Meat pie with chips and veggies
The meat pie is an Australian staple. But most Australians buy them ready-made from corner shops, supermarkets, delis and snack bars. I had never made a meat pie until I moved to Norway. I tried several recipes, but this was the closest to the real thing.
For the base, I use a quiche or other unsweetened pie crust dough. Or you can use your favourite shortcrust pastry recipe, as long as it’s not sweet.
For the top, I use store-bought puff pastry, which in Norway means crossing the border and getting it from Sweden. You can buy puff pastry in Norway (called butterdeig or smørdeig), but it comes in frozen blocks that have to be thawed and rolled out, which is painful, but doable.
For this recipe, I like to use three or four small, non-stick pie dishes, but it could also make one large pie (about 20cm in diameter).
This year, for the first time, I’ve been invited to a traditional American Thanksgiving dinner at my friend Audrey’s house. She and her husband are spending their first holiday season in Norway, and wanted to share a little piece of their home traditions with us, and we are really looking forward to it.
But it got me thinking generally about how much I have to be grateful for this year, perhaps more than ever before in my life. It’s easy to get caught feeling blue as the days get ever shorter and darker, with sunrise after nine a.m. and the daylight only lasting until a little after three in the afternoon. The first thing I think of when I see the last shreds of half-light disappear a couple of hours after lunch time: this year I am lucky enough to be escaping the dark. This year I’m spending my first Christmas at home with my family in seven years. Seven cold, dark Christmases in a row, and now I get to take my little girl home for a hot, sunny Christmas just like the ones I used to know… ♪ ♫ ♬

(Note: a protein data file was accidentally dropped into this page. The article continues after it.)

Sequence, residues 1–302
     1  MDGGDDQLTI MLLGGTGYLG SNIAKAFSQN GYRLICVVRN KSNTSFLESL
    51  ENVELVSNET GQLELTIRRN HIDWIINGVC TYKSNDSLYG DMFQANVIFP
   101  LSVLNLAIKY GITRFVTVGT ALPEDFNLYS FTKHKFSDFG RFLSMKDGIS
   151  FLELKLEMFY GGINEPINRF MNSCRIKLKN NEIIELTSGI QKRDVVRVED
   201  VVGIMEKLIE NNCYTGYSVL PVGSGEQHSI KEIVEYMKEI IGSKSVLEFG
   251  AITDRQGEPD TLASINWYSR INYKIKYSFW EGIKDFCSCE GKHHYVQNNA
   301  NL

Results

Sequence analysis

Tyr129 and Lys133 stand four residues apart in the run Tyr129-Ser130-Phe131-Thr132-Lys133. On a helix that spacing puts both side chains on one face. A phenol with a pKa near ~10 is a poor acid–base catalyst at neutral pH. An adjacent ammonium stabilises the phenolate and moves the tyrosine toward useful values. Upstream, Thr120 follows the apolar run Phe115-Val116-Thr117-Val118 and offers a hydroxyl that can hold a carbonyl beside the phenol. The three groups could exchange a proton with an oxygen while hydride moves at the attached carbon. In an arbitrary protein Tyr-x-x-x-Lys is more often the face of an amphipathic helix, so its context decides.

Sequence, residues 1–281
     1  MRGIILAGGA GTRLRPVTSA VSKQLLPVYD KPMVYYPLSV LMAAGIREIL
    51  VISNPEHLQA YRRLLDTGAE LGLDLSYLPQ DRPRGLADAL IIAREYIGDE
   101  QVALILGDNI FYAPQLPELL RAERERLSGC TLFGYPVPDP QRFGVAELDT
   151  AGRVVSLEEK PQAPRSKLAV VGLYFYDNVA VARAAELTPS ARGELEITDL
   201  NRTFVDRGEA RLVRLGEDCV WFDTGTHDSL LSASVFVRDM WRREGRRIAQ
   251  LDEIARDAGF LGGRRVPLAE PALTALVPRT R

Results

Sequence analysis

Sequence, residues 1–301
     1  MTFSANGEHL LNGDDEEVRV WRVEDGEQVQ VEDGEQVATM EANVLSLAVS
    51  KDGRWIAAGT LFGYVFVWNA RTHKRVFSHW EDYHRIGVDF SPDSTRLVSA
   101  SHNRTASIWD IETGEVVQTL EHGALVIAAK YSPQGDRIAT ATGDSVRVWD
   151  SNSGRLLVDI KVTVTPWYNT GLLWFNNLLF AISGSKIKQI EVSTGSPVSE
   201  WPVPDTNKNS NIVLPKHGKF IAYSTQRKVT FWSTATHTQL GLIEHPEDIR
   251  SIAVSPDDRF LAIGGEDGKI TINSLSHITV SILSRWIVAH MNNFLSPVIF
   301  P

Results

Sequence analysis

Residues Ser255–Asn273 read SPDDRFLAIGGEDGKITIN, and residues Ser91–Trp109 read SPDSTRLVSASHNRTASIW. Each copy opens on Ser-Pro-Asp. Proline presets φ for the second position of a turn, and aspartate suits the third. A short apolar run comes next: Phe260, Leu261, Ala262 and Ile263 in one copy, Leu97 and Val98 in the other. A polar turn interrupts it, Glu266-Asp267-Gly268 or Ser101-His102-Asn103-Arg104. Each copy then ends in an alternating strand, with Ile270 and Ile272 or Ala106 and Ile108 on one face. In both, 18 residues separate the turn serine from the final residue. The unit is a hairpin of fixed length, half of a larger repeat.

Which brings me to my daughter. How could I not be grateful for her? All parents are grateful for their children. But I feel she deserves special thanks for being almost freakishly well-behaved and easy-going. Who else has a two-year-old who asks if she can open a drawer to get a toy out, and then puts it back when she’s done playing with it? Who else has a two-year-old who says please and thank you mid-tantrum? I may be eating my words if and when the so-called terrible twos finally hit, but so far life with my toddler is impossibly sweet.